For centuries, nomadic herders across the Sahel have moved hundreds of miles every year to find pasture for their herds. This is something they do each year, especially during April-May as pastures become drier.

Many Mauritanian herders, for example, head to Mali and Senegal in search of pasture.

But, as borders close, nomadic herders are no longer able to move in search of fodder and water or to trade – animals can be traded for other foods or essential items.

This can lead to herders losing their income as they can’t sell their animals or buy what they need for them as well as potentially losing animals as some of them might not survive or might fall ill. When animals suffer, people suffer. When animals die or stop being a source of milk or meat, people go hungry. When animals are lost, so are people’s livelihoods.

Farmers will also be affected by COVID-19 due to a lower supply of fertilizers and seeds, the closure of stores and markets, and reduced assistance.

The pandemic – if it spreads further – will translate into increasing threats: from more displacements to less and less access to basic social services, higher food prices, less food. 

Are COVID-19’s impacts on people’s food security already being felt in West Africa?

Governments have taken measures such as physical distancing and closure of markets. These will result in market disruptions, whether for traders or buyers.

COVID-19’s impacts are already seen in the pastoral areas. As most borders are closed, movements of herders and animals have been restricted. 

Although the pandemic’s impact on primary products’ prices are not yet discernible, the fact that many people are buying main commodities in bulk could lead to a temporary increase in costs and shortages, which will be difficult to manage as/if production drops. Transport is also already affected, which will impact on food and products’ supply.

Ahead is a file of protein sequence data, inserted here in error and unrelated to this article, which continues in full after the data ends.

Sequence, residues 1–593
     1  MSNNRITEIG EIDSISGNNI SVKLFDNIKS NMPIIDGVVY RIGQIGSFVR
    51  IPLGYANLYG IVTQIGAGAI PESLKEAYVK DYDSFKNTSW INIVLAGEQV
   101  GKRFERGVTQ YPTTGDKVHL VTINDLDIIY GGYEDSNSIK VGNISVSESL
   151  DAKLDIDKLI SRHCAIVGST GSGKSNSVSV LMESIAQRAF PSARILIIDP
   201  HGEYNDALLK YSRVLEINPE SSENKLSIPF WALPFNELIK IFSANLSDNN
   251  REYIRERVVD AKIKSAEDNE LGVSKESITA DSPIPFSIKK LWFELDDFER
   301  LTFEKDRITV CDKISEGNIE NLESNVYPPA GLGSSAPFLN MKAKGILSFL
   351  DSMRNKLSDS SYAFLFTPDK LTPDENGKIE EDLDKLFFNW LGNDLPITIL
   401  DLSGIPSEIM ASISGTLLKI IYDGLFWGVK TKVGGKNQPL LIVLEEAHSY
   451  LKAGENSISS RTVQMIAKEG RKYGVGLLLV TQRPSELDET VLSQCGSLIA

How is FAO responding?

As most of West Africa is already affected by other complex crises, our first priority is to safeguard and maintain our current emergency response, especially activities supporting the upcoming agricultural campaign, which will help mitigate the effects of COVID-19 on food security.

Doing so will be particularly challenging given the operational difficulties due to the movement restrictions introduced by most countries. However, working closely with governments, the UN family, and partners, we are recalibrating and finding ways to deliver.

Our response across the region is only funded at 20 per cent, however. We urge donors and partners to ensure that the ongoing emergencies, on top of COVID-19, are not forgotten.

In response to COVID-19, FAO has been collecting information and carrying out analysis, at regional and country level, on the pandemic’s likely consequences on agriculture and food security, which will feed into a global data facility. This is informing the development of national and regional strategies as well as country-specific COVID-19 preparedness and response plans. Several actions in these plans are already being implemented.

In Burkina Faso, FAO is launching a program, thanks to supporting from the Central Emergency Response Fund (CERF)of the UN Office for the Coordination of Humanitarian Affairs (OCHA), to provide immediate assistance to vulnerable households living in quarantine in urban and peri-urban areas so they can access healthy and nutritious food.